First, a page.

Jeff is the Bristol man who was killed when a truck smashed through his garage last December, the innocent victim of a terrible crash. Given what the driver supposedly told police afterward, I have a hard time calling it an accident in the truest sense of the word.
Frances Ableski, the unlicensed driver of the unregistered pickup truck, is charged with a lot of offenses, including manslaughter and driving drunk. She apparently wanted to kill herself and aimed at a tree but missed and hit Jeff's garage instead. I doubt she thought she would harm anyone else when she gunned the accelerator, but that makes it reckless at best, not accidental.
I wasn't covering the crash, though, or her criminal case. I was writing about Jeff.
I had the bittersweet experience of learning about a great family man, a hardworking homeowner and a wonderful friend and co-worker who died too young, leaving a couple of sweet children who will grow up without the benefit of his guidance and a wife who lost her lifelong companion.
Jeff was a smart man by all accounts, and he clearly was using his head and his heart when he married his wife Melissa, who took the time to talk with me about her beloved husband.
It isn't easy to be a reporter who makes the call to the grieving family or friend to ask about the one they lost. Lots of times, people are understandably too pained to be able to talk and sometimes they're angry. It can be uncomfortable at best, but sometimes it is part of my job, and I understand when people don't want to talk with me.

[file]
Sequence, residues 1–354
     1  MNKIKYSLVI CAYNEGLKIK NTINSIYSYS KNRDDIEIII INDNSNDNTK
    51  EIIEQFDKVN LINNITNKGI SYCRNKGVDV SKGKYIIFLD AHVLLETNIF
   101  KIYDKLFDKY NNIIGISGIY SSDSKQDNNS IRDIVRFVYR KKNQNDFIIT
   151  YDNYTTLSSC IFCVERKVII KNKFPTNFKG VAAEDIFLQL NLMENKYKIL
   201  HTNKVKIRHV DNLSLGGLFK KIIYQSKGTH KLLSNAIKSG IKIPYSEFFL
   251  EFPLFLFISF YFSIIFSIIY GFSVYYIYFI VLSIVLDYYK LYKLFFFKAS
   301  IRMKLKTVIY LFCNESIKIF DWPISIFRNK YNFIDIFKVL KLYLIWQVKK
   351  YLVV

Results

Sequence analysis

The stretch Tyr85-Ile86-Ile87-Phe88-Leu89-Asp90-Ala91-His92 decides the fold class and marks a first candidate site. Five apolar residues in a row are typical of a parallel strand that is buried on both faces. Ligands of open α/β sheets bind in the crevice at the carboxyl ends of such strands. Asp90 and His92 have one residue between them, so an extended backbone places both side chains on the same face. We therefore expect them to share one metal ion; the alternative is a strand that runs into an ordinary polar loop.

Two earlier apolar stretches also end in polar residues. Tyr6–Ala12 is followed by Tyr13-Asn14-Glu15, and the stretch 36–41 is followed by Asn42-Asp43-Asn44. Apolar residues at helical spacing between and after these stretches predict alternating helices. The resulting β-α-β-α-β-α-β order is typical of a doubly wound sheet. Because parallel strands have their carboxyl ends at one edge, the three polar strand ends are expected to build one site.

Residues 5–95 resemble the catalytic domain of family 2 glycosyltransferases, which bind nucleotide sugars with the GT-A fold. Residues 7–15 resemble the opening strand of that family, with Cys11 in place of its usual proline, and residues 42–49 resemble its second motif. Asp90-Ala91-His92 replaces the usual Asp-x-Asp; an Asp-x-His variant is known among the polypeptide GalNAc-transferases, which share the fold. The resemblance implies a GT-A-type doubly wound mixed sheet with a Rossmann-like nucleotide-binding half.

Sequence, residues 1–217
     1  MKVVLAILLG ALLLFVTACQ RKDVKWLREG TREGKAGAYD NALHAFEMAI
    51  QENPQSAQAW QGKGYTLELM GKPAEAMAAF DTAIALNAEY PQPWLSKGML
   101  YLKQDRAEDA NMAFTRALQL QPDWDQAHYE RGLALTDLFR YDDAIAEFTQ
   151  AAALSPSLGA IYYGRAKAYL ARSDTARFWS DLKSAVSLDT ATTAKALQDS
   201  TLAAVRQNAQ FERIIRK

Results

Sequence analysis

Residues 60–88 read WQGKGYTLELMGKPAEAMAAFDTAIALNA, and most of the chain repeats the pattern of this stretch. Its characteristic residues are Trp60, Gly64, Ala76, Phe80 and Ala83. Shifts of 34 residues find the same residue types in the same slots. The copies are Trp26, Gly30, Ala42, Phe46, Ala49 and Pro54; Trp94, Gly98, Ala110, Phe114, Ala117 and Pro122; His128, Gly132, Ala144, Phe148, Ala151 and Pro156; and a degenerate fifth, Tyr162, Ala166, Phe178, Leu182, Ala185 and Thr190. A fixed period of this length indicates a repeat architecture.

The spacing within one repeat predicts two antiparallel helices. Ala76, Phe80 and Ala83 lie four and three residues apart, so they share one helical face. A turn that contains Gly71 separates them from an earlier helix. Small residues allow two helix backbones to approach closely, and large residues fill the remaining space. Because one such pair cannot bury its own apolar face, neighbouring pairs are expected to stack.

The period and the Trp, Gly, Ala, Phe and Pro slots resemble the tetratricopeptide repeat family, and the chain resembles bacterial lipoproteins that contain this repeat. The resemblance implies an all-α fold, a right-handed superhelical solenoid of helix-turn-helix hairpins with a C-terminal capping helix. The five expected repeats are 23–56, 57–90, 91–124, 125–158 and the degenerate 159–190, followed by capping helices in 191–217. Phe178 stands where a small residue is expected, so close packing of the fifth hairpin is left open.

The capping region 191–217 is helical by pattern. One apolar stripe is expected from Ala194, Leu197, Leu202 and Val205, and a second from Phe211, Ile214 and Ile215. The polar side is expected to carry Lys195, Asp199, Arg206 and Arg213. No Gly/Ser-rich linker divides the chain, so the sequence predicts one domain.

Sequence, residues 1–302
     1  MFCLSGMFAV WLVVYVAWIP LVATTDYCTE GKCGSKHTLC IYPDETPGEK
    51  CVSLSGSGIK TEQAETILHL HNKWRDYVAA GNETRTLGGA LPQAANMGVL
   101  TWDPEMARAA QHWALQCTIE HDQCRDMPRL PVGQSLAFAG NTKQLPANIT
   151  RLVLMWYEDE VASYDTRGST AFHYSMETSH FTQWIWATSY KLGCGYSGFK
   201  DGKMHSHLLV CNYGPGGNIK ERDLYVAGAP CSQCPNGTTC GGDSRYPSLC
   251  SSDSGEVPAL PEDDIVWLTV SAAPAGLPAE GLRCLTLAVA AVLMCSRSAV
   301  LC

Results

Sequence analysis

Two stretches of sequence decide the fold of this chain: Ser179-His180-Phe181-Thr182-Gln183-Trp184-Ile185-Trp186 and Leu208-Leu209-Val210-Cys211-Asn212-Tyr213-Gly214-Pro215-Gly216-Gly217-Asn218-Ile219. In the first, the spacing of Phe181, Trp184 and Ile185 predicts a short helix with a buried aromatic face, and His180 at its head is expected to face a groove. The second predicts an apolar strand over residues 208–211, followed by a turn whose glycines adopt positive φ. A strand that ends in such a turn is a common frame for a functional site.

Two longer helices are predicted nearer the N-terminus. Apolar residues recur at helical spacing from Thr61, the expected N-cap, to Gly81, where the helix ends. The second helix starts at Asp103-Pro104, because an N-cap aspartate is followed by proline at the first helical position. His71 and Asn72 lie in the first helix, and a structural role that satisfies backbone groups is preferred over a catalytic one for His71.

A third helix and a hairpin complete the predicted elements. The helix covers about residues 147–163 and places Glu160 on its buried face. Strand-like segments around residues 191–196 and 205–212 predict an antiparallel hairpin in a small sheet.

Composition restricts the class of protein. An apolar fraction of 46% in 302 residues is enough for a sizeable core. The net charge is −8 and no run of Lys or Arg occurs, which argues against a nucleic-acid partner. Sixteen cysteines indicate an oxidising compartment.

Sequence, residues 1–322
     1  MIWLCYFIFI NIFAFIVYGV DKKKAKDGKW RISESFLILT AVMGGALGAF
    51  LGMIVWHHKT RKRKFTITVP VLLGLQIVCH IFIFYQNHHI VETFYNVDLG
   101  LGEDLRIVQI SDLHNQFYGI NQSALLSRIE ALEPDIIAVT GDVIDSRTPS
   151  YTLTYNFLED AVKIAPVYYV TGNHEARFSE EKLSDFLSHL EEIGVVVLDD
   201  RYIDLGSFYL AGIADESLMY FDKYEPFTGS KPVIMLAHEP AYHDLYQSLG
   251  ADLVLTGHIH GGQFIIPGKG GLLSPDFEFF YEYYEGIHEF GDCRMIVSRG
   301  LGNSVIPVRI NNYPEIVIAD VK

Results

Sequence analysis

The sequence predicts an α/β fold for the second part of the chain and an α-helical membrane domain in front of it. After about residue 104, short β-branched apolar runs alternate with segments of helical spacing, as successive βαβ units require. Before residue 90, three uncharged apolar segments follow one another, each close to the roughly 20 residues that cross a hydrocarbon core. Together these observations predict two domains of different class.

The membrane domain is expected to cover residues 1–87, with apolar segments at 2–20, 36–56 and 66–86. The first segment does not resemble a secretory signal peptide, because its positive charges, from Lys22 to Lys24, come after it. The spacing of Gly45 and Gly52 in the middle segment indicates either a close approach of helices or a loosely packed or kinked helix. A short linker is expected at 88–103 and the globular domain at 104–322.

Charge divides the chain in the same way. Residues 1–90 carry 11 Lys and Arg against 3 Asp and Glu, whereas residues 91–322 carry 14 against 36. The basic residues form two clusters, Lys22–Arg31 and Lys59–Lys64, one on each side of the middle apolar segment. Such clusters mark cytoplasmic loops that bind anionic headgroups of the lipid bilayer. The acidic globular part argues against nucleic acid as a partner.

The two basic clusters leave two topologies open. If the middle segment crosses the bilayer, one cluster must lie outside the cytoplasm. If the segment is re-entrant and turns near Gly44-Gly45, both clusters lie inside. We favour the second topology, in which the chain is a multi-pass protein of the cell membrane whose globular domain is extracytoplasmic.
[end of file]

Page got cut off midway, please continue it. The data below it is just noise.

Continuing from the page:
This wasn't one of those times.
Jeff's wife and friends couldn't have been more generous with their memories and they couldn't have been kinder to me. They really wanted to share stories and tell about the funny, romantic and all-around good guy they knew and loved.
When I write stories like this, I feel honored to be able to tell that story. I believe it is important for the community to recognize what it lost when Jeff Dziob was killed. To be sure, the greatest loss was to his family, and then to his friends, but the community as a whole loses when a family is ripped apart, when children are left fatherless, when a decent, hardworking and productive citizen is taken before his time.
These stories always take an emotional toll. I hate the senseless loss of life, and as a wife and mother, I can only imagine the pain Melissa and their two young children are enduring.
My story about Jeff is very long, but I hope it will be meaningful to some readers, and to the many who knew and loved him.
It is slated to run in Tuesday's edition of The Bristol Press (www.bristolpress.com.)
If you didn't see the story, it might be hard to find now. Here's the link: http://tinyurl.com/ygjj3jg